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Memories of the Past and for the Future

For some, Memorial Day weekend means camping, gathering together for barbeques, or catching up on spring yard work. For others, it is a time to reflect on the sacrifices of loved ones and others who have served our country. In our home and countless others, it is both.

Whether or not they died during a war, we can honor the memory of soldiers by visiting their graves or other memorials. You might find it meaningful to drive through a National Cemetery on Memorial Day weekend, where flag after flag line the road, saluting those who have served.

Generally, on Veteran’s Day and Memorial Day our family chooses to display the neatly folded United States flag presented to us at my father-in-law’s interment. Another Stars and Stripes waves proudly outside our house. Sometimes we look at photos from the war and recall stories of the bravery and selflessness of our fathers and grandfathers. We acknowledge the price they paid and the emotional scars they carried through their lives after the wars. Often on these days, we ask God to protect the men and women serving now and to give wisdom to those leading our military forces. We also pray for peace—in our world and in the hearts of all who grieve.

Honoring the memory of loved ones can help us heal and move forward. It also is vital that we make time for self-care, including relaxation and recreation. On Memorial Day weekend, consider reflecting on those who have served and taking time to relax and build new memories, which can bring you and others joy both now and in the future.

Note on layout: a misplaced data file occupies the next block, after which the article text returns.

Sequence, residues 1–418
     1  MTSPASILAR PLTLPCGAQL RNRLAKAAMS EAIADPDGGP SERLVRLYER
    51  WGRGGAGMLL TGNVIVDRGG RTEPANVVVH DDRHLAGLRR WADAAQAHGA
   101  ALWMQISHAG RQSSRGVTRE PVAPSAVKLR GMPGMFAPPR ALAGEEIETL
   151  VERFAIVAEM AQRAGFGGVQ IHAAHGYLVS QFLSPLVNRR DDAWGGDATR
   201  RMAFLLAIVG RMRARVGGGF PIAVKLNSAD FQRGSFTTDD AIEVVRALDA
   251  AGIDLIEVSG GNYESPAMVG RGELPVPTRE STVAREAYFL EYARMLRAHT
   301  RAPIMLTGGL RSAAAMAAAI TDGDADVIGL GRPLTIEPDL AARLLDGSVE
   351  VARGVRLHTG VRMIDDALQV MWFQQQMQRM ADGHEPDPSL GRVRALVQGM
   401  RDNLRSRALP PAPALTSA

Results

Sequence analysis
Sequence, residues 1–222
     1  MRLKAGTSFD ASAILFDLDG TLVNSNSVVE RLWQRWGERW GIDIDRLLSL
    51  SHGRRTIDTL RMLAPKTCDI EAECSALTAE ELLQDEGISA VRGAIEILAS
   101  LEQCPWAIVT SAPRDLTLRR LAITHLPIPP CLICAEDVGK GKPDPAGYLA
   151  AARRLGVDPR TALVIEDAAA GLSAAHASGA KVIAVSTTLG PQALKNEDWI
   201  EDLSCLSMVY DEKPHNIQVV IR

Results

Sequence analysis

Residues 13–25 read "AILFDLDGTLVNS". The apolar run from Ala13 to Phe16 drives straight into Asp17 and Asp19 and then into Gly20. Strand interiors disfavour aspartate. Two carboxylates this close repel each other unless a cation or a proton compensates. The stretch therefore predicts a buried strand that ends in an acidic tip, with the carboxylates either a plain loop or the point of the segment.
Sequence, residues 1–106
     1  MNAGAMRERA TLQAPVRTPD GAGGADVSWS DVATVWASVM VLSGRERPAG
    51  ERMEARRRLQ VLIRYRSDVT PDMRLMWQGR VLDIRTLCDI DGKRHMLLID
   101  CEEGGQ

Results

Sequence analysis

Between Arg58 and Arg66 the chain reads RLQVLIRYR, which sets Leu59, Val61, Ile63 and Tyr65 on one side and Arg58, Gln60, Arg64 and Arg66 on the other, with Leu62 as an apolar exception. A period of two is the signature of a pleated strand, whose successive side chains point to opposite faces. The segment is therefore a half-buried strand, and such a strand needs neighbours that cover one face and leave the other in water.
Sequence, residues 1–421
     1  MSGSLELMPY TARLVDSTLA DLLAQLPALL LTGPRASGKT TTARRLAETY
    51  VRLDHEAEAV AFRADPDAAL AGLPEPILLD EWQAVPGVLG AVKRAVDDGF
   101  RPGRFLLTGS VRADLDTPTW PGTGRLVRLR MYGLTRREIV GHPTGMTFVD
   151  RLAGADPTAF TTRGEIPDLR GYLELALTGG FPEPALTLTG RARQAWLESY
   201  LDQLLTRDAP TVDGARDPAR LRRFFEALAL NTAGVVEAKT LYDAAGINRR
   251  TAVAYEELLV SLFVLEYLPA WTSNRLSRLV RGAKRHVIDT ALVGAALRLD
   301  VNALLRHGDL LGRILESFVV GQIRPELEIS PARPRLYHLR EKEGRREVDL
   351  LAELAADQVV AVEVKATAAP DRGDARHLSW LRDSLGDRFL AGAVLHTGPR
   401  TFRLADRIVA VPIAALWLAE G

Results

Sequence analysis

Excerpted from Doses of Comfort by Gwen Waller, available on Kindle and in print at Amazon.com.

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Missing Loved Ones on Mother’s Day and Father’s Day

In May and June, it is difficult to avoid the store aisles of Mother’s Day and Father’s Day cards and street corner flower vendors. Then turn on your TV and, before you can mute it, you are likely to hear sentimental background music while a parent patiently bakes cookies with their child (and sells flour or other essential ingredients). Another commercial will bring you face to face with a grateful young adult teaching their parent to use the cell phone they just unwrapped. For those who have lost a child or parent, Mother’s Day and Father’s Day can heighten awareness of their absence or reopen the wound. Depending on where you are on your grief journey, consider the following healing activities.

  • Write a card or letter, expressing your ongoing love and what you miss about him or her. You also may want to recall a memorable time together and thank them for what they have meant to you and how their influence continues. This letter can be kept private or shared with a family member or friend.
  • Plant a tree, shrub, or flower in memory of your loved one.
  • Evaluate your loved one’s impact on your life. Which qualities do you admire and hope to carry on? Which characteristics would you prefer to abandon? Also consider who else you would like to influence your life.
  • Encourage someone else to be all they are meant to be.
  • Ask a nearby nursing home if you can spend time with a resident who rarely has visitors.